The hostess with the mostest: Confessions of an airbnb host

“I think it would be weird to have strangers in my house,” one of my friends wrote on Facebook after I announced that our first airbnb guests had successfully completed their stay.

Honestly, I’d had the same qualms. I’m an introvert who considers my home my sanctuary, a sacred space where I won’t be forced to interact, to scour my brain for small talk or worry about whether the fact that I’m wearing footie pajamas at 6 p.m. will be considered weird.

But I’m also a first-time homeowner on a relatively tight budget who just purchased a home that’s nearly a century old. There will be unforeseen expenses. My boyfriend and I both work full-time and freelance part-time. Plus, I’ve got a less-than-modest trickle of income from my two books available on Amazon. But it’s not enough to repair the things that will no doubt break, or to add the delightful additions like a second bathroom in the basement and solar panels on the roof.

When we initially discussed how we would manage to sustain a house, airbnb seemed like an obvious answer. We’ve got a second bedroom, which is a guest room for friends and family, and there was no point allowing it to sit empty the 340 days each year that our friends and family were not in Seattle. It’s a nice room—cozy and quaint, with a balcony overlooking the backyard and the Chinese restaurant behind our house. We made the room even cozier with an excellent mattress, Etsy artwork, television, video game system, books, board games, and access to our extensive DVD and book libraries.

We put together a notebook with important details like where to get the best dessert and where to catch the bus downtown and how to get to the vegan cafe a half mile or so down the street. We wrote no fewer than a half-dozen reminders that our cats are indoor only, and the only truly sacred house rule—besides not smoking in the house—was to keep the cats inside at all costs. We screen our guests based on their likelihood to respect this rule. We even bought toiletries at the Dollar Tree and assembled them in a red plastic caddy for any guests who might have forgotten something important like a toothbrush or deodorant. I picked flowers from the garden and placed them in my favorite purple vase on the nightstand.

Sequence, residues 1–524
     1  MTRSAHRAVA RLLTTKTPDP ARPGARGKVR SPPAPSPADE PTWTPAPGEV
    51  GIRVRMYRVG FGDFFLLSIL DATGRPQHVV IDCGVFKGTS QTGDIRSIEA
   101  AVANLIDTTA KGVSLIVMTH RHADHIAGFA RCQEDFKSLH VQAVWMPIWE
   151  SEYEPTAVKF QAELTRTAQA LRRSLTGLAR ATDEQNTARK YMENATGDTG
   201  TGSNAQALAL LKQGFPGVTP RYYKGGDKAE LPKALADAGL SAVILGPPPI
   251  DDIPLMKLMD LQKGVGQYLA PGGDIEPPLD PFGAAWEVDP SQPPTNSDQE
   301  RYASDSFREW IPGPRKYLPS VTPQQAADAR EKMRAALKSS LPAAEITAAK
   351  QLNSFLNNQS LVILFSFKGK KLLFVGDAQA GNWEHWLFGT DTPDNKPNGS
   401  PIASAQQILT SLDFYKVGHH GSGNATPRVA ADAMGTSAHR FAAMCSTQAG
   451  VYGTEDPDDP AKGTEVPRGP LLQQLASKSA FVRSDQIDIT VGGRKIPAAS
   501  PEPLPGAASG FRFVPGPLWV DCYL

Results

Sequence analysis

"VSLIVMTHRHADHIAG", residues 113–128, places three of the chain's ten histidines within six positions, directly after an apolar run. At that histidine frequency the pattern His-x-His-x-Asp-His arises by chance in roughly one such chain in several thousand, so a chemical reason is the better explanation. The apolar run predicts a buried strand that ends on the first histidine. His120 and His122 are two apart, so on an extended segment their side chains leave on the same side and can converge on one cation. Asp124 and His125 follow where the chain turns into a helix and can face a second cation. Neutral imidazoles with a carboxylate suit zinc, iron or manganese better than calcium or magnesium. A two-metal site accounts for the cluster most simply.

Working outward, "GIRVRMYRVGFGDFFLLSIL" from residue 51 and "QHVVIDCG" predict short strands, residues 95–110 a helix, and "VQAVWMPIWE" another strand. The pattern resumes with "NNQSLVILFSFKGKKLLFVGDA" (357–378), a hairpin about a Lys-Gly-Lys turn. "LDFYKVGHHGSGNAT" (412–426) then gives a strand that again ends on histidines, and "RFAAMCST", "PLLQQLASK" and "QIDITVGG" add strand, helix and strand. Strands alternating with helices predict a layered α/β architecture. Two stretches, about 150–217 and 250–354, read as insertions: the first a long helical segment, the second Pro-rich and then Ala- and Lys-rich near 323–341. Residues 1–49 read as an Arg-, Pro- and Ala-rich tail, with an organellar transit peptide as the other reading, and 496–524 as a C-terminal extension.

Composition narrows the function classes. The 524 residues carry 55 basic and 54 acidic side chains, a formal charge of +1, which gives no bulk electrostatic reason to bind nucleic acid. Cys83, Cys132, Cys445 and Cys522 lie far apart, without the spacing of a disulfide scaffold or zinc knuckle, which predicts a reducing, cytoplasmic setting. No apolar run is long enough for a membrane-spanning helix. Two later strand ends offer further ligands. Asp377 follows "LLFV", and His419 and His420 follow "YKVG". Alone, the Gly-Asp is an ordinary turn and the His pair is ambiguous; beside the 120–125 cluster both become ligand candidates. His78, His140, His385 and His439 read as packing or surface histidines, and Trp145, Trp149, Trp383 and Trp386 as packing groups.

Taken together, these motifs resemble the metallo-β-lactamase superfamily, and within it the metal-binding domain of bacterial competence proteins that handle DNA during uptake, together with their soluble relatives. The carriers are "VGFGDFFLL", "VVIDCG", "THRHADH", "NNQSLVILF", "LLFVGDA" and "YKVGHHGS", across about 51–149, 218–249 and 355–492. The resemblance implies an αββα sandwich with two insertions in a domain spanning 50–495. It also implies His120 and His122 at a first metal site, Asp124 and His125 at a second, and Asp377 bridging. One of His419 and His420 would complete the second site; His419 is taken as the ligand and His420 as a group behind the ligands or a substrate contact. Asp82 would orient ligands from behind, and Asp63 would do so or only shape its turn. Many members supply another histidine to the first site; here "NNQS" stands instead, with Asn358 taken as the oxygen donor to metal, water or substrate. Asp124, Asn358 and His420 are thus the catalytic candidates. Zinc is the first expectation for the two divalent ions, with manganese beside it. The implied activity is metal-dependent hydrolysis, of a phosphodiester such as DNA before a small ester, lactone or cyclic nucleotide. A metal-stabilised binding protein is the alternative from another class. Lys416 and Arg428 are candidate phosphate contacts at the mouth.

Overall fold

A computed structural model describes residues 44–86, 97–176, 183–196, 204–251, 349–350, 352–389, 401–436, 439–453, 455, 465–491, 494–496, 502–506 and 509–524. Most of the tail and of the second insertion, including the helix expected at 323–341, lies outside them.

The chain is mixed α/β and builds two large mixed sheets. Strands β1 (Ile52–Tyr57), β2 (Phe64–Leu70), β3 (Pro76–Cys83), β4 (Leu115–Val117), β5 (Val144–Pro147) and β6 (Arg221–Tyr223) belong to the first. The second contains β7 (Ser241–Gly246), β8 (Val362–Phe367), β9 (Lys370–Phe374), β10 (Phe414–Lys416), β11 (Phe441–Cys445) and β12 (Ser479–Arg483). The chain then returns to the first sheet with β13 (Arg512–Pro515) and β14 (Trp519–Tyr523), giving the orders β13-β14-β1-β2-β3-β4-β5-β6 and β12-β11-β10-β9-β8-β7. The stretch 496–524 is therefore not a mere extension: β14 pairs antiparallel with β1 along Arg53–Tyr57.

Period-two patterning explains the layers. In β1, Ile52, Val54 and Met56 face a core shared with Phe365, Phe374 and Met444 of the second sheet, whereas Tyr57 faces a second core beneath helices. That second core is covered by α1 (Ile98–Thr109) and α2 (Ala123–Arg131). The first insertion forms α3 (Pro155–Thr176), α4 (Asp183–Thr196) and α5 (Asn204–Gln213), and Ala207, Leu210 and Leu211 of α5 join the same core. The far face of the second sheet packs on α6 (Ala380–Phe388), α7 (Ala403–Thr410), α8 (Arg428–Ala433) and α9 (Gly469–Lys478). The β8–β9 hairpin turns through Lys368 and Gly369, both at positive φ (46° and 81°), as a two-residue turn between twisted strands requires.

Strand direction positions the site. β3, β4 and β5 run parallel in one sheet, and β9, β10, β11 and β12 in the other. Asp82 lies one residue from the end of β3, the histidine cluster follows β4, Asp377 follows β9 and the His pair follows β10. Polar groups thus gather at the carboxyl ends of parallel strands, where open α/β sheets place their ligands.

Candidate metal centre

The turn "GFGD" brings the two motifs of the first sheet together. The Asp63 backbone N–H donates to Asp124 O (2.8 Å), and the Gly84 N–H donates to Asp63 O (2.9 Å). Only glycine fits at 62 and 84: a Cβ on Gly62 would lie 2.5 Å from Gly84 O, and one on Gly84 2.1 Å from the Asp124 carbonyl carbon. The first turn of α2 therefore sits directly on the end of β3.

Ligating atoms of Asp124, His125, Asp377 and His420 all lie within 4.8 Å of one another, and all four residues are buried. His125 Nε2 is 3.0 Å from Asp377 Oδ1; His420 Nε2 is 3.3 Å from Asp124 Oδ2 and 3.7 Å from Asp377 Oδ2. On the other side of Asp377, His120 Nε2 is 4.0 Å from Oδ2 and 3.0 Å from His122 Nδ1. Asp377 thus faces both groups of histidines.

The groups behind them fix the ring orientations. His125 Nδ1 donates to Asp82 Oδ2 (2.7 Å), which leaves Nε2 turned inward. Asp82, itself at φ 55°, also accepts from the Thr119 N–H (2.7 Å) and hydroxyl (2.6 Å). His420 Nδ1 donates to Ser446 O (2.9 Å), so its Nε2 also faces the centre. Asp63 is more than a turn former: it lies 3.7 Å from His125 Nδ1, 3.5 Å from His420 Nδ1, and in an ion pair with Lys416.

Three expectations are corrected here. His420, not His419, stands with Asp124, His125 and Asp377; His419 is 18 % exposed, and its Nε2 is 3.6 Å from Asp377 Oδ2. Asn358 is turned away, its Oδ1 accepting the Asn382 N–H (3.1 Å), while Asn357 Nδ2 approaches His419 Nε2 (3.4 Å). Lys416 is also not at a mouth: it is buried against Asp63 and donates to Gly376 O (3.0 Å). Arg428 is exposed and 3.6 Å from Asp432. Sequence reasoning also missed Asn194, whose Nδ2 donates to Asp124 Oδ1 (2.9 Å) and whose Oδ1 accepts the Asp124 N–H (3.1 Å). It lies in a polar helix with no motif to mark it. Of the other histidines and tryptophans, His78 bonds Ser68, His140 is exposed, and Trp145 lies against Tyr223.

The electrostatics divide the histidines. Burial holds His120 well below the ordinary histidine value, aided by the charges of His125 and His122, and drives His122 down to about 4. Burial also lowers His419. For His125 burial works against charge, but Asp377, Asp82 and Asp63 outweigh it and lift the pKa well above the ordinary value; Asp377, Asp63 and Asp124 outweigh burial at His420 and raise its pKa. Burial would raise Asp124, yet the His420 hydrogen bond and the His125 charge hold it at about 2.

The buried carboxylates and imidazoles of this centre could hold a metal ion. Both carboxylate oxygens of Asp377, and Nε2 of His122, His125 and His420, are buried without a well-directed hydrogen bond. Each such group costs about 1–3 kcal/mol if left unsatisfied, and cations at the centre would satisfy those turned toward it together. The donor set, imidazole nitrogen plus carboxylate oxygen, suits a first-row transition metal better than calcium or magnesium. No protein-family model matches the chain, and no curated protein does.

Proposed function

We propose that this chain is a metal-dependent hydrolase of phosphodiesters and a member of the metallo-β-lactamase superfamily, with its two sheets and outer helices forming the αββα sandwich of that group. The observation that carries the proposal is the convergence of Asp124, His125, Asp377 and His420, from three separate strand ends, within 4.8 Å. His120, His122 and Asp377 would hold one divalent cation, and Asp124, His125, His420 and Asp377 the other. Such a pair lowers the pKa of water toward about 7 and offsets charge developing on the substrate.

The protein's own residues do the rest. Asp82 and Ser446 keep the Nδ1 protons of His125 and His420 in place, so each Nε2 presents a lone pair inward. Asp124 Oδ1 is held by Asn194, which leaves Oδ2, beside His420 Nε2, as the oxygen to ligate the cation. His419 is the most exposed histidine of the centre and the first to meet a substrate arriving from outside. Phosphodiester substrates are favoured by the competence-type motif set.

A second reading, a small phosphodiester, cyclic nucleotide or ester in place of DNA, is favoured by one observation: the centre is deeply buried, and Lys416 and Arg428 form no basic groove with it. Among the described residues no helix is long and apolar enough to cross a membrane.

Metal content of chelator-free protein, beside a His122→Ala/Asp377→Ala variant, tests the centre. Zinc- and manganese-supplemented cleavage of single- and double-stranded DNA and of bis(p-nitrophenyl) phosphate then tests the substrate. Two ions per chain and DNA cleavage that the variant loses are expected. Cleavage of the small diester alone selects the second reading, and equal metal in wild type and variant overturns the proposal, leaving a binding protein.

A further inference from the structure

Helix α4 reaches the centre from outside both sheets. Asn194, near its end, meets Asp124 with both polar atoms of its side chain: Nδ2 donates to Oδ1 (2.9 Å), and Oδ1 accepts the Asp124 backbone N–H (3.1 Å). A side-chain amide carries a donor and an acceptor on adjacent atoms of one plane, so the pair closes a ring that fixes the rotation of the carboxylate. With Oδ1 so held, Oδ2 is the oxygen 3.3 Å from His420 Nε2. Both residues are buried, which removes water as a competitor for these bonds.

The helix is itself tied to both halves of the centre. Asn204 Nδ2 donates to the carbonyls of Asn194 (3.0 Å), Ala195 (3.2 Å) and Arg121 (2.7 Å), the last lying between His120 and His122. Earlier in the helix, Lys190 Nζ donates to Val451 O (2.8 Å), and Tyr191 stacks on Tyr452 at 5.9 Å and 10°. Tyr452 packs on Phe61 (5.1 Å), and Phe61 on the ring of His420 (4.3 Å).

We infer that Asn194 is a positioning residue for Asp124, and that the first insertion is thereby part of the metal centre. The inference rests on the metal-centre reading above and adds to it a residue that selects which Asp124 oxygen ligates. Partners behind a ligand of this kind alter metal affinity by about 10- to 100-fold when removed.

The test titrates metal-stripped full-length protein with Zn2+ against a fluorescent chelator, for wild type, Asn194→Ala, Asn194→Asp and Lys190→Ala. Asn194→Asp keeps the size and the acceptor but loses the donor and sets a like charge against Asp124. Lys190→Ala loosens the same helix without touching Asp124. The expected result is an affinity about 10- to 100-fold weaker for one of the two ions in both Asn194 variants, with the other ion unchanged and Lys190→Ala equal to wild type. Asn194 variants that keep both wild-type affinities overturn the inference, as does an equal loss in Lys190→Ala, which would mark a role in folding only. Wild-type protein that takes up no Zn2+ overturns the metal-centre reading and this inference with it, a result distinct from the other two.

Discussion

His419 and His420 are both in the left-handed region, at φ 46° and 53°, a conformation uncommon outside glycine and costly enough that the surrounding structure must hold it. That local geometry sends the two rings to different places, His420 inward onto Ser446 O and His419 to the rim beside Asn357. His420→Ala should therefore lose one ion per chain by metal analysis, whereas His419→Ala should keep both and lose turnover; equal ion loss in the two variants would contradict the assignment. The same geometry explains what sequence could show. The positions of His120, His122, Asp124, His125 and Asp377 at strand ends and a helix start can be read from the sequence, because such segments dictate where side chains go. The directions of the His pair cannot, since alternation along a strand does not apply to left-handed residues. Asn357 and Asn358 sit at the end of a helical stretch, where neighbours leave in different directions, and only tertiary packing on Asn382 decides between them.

It was kind of fun, actually. I love playing host, and have far too few opportunities. I always thought it would be a delightful challenge to run a b&b.

I was a little astonished at how quickly the room booked up once the listing went live. We had multiple requests within 24 hours, and booked pretty solidly for the first three months. Of course, $45 is a pretty reasonable price for a night in Seattle, but still, we didn’t have any reviews and I was worried that would put people off. It probably did, but not nearly enough to prevent us from booking up so solidly that we realized we probably should have left some dates open for some peace and quiet, or renovation mayhem.

We waited, cautiously, as our first guests came and went. Then our second. Third. Fourth. It’s been just two weeks and we’ve been booked solidly during that time. We realized pretty early on we’d need to invest in extra bedding since there often wasn’t time for me to do the laundry between guests.

 

Really though, it hasn’t been all that different from my normal day-to-day routine. I’m a little more quiet, I close the bedroom door when changing clothes, and the house is just FullSizeRender (2)that little bit cleaner, which is actually kind of nice. And our guests have astonished me with their politeness. They gush over the cats and make their bed before “checking out” and ask our opinions about which DVDs they should borrow from our collection (so far Pulp Fiction and The Birdcage have been pretty popular). They visit the Chinese restaurant behind our house and our latest guests remind me so much of my college self that I want to tell them not to give up on being bookish, regardless of how terrifying the job market might seem. And thanks to the fact that airbnb handles all the financial transactions, we don’t have to engage in any awkward conversations about money.

I’m sure there will be a downside at some point—a guest will try to host a Trump rally at our house or develop a horrific allergy to one of the cats or something even worse that I don’t want to think about, because that’s how life works. It’s not all starry-eyed English majors gushing about how they want a house just like yours. I do think, however, that by expecting the best from our guests and being the best possible hosts, we increase our chances of getting the guests we’re excited to meet and share our home with.

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Comments

  1. You are braver than I…However, I have children, and it’s the ‘keeping it guest ready’ part that would prevent me from ever being an airbnd host, but who knows what the distant future holds…now, if I could only live in such a cool place like Seattle!

  2. I found your post via a WordPress search on “Airbnb host” because my husband and I are considering doing the same. This gave me the grandest of smiles. Shreveport, Louisiana, is no Seattle, so I don’t expect the onslaught of bookings, but I hope our first experiences are as lovely as yours! 🙂

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